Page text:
May 7, 2005
The Thirty Favorite Lives: Amager
Poem: "The Thirty Favorite Lives: Amager" by Jack Gilbert from Refusing Heaven. © Alfred A. Knopf. Reprinted with permission.
The Thirty Favorite Lives: Amager
I woke up every morning on the fourth floor,
in the two-hundred-year-old walls made
of plaster and river grass. I would leave
the woman and walk across beautiful KÝbenhavn
to the island of Amager. To my small room
in the leftover Nazi barracks that looked out
on a swamp. Most of the time it was winter.
I would light my hydrant-sized iron stove
and set a pot on top, putting in hamburger
and vegetables while the water was getting hot.
Starting to type with numb hands. The book
I planned to write in two weeks for a thousand
dollars already a week behind (and threatening
to get beyond a month). Out of money and no
prospects. Then the lovely smell of soup
and the room snug. I would type all day
and late into the night. Until the soup
was finished. Then I would start back across
the frozen city, crunching over the moats,
loud in the silence. The stars brilliant.
Focused on her waiting for me, ready to fry
sausages at two in the morning. Me thinking idly
of the ancient Chinese poet writing in his
poverty, "Ah, is this not happiness."
Literary and Historical Notes:
It's the birthday of the poet Robert Browning, born in London (1812). He's best known for his poem "My Last Duchess," about a duke who keeps a portrait of his late wife even though he had her killed for flirting with the portrait painter.
Robert Browning said, "Ah, but a man's reach should exceed his grasp, or what's a heaven for?"
And it's the birthday of the philosopher David Hume, born in Edinburgh, Scotland in 1711. He was born at a time when Edinburgh was one of the poorest, most backward cities in Europe. It was muddy, no sewage system, polluted by peat smoke. Alcoholism was everywhere. Even children drank whiskey every day.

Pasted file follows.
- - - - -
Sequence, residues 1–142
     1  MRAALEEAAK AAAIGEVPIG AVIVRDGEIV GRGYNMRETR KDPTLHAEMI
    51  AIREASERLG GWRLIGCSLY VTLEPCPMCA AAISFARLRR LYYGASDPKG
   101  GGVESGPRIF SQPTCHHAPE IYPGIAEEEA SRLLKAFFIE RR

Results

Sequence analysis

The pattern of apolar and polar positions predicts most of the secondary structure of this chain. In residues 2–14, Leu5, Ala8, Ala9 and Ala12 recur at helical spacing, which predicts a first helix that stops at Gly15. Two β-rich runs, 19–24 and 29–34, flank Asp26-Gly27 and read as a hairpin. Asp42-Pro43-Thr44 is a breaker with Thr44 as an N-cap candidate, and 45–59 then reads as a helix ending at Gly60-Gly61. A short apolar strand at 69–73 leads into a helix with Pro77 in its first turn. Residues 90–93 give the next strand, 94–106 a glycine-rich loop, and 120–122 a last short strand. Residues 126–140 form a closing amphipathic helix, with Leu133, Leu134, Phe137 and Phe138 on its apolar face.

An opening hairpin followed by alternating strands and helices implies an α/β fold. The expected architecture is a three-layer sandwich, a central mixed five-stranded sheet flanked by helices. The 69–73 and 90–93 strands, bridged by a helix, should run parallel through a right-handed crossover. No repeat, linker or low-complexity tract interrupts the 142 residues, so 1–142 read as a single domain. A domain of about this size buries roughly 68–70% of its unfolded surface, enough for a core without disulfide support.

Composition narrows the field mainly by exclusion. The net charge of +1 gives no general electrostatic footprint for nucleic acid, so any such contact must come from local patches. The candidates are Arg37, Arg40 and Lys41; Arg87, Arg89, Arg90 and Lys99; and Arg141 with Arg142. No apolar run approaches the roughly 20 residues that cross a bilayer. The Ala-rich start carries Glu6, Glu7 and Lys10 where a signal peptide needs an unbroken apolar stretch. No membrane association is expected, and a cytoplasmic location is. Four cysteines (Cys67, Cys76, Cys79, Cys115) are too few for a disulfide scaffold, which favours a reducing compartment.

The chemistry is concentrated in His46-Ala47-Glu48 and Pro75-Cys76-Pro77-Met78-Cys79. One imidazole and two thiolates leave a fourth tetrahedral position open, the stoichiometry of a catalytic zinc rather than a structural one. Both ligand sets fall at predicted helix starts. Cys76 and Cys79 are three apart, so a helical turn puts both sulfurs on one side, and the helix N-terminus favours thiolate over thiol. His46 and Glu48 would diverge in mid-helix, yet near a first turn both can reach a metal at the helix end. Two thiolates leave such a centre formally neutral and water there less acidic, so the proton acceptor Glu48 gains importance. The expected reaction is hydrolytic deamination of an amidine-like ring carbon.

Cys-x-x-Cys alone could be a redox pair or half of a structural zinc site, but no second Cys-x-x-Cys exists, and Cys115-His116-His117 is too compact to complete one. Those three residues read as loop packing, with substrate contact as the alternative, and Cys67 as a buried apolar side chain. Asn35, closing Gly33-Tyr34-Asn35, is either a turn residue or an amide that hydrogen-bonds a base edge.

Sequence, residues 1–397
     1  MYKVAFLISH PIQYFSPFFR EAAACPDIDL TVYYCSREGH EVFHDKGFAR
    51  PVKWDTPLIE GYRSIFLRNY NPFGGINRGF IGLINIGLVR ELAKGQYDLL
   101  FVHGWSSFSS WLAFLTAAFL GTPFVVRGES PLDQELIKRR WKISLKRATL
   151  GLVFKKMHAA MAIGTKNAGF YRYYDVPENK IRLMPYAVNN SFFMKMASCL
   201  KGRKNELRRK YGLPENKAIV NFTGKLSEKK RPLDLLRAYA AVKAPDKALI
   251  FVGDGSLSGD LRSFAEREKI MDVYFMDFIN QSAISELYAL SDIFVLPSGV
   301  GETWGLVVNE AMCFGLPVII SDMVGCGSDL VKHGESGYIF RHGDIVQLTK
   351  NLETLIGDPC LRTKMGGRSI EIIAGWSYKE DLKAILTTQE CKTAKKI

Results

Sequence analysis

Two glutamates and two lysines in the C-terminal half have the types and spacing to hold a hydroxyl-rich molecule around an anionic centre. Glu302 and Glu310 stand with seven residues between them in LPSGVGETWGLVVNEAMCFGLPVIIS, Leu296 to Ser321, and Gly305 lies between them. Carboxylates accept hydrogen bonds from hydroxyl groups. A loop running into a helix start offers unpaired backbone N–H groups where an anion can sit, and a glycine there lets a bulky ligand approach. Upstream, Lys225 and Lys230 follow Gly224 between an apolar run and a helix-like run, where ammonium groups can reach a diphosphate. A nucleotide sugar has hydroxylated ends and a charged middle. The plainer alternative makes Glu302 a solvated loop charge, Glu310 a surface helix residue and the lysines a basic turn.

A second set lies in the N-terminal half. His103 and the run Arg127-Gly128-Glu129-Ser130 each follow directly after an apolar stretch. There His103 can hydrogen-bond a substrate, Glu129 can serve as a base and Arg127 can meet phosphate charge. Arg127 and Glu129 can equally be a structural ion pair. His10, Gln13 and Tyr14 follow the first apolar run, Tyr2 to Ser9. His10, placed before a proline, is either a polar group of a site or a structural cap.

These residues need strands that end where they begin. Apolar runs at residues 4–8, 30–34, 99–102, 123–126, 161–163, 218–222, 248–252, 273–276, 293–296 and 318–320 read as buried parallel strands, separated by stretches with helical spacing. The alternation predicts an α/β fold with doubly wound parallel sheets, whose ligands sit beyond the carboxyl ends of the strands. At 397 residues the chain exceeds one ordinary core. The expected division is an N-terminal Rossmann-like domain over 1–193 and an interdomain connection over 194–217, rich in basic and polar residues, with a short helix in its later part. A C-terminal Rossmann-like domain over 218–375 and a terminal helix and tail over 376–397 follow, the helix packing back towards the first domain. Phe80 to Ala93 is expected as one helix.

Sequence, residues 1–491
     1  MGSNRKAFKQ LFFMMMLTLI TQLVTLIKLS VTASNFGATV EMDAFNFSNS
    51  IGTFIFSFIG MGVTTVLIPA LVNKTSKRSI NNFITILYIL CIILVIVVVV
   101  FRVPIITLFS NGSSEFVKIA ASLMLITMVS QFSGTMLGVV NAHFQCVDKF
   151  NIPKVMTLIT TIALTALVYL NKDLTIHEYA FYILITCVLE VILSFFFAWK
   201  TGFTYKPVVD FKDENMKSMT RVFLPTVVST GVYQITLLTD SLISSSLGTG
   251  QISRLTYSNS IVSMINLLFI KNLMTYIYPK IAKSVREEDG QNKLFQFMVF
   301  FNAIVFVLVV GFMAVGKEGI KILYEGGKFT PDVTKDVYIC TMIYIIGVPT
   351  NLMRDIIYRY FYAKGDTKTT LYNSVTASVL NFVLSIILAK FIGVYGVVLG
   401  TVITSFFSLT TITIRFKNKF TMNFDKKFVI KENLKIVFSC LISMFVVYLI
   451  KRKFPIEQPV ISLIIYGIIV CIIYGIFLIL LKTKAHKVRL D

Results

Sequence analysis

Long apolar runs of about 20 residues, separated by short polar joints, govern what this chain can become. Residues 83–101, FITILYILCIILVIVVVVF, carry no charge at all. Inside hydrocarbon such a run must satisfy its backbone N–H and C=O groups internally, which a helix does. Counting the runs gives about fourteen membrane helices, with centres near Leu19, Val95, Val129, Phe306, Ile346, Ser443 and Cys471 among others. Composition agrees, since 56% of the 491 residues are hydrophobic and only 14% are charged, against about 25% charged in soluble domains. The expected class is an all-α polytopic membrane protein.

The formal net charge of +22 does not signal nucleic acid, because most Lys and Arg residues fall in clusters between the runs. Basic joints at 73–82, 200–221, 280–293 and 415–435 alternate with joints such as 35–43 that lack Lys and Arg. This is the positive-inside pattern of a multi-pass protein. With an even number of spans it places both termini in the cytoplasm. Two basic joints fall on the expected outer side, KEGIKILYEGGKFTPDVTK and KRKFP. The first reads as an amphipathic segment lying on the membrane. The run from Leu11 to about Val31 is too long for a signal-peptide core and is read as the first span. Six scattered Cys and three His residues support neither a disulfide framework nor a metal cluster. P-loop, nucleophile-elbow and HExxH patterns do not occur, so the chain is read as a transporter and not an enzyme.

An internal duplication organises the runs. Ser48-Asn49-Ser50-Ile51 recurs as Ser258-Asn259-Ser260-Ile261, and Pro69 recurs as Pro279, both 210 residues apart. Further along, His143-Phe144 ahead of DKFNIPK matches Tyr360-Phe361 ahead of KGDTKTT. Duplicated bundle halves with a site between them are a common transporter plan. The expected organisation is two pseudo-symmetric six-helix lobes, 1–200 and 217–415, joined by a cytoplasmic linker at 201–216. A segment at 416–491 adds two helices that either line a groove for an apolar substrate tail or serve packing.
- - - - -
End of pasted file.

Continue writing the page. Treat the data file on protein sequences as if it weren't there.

On top of all the drinking there was a very strict religious climate. If you skipped church on the Sabbath, there were groups of religious police known as the Seizers who would grab you on the street and take you to mass. Less than 15 years before Hume was born in 1711, there was an 18-year-old college student put on trial for saying openly that he thought Christianity was nonsense, and he was convicted and he was hanged for blasphemy.
There was, on the other hand, great literacy in Edinburgh. Religious leaders believed that everybody ought to be able to read the Bible, and so all children learned how to read, including young David Hume, who grew up fascinated by philosophywhich caused him to lose his faith when he was 18 years old. He wrote to a friend, "I found a certain boldness of temper growing in me, which was not inclined to submit to any authority. I was forced to seek out some new medium by which truth might be established. " And that was philosophy.
He became obsessed with the idea of truth, of how people can know the truth about anything. He wrote his Treatise of Human Nature (1739), in which he argued that it may be impossible to know anything for sure about the world, that we can experience the world but never fully understand it.
David Hume became the leading figure of a group of Scottish intellectuals, including the economist Adam Smith, who invented the study of economics; Adam Ferguson, who helped invent sociology; James Hutton, who invented geology; Joseph Black and William Cullen, who invented modern chemistry; James Watt, who developed the steam engine; James Boswell, who wrote the greatest biography of all time; Sir Walter Scott, who wrote the first great novel; and Hugh Blair, who was the first University professor to teach a course in English literature.
In 1755, the Church of England tried to prosecute him for his skepticism, but the case was dismissed and David Hume became one of the first to openly question the existence of God and suffer almost no consequences.
It was David Hume who said, "Reading and sauntering and lounging and dozing, which I call thinking, is my supreme happiness."
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